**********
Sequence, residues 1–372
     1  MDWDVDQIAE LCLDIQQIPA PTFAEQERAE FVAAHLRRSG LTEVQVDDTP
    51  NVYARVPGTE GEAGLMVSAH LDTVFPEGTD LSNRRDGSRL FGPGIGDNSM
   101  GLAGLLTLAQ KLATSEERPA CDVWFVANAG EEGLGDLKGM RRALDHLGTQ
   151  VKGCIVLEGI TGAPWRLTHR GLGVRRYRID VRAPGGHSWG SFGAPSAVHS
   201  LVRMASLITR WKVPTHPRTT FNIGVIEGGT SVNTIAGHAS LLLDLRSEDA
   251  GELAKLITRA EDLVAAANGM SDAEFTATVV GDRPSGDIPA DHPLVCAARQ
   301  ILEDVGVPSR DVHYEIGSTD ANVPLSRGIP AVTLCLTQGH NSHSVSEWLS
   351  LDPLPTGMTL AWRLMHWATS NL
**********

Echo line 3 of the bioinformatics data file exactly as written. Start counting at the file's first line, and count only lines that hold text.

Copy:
    51  NVYARVPGTE GEAGLMVSAH LDTVFPEGTD LSNRRDGSRL FGPGIGDNSM